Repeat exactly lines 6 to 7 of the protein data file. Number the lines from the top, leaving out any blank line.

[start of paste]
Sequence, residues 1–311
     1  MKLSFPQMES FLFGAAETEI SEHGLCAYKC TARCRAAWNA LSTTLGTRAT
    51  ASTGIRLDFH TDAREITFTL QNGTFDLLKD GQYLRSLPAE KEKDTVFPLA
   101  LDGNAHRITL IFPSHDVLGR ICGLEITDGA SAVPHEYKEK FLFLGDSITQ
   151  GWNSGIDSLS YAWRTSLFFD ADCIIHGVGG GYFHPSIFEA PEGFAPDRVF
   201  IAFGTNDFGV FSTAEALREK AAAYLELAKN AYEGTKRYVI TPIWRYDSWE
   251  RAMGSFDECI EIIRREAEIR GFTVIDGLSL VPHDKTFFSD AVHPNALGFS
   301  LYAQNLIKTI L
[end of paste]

   201  IAFGTNDFGV FSTAEALREK AAAYLELAKN AYEGTKRYVI TPIWRYDSWE
   251  RAMGSFDECI EIIRREAEIR GFTVIDGLSL VPHDKTFFSD AVHPNALGFS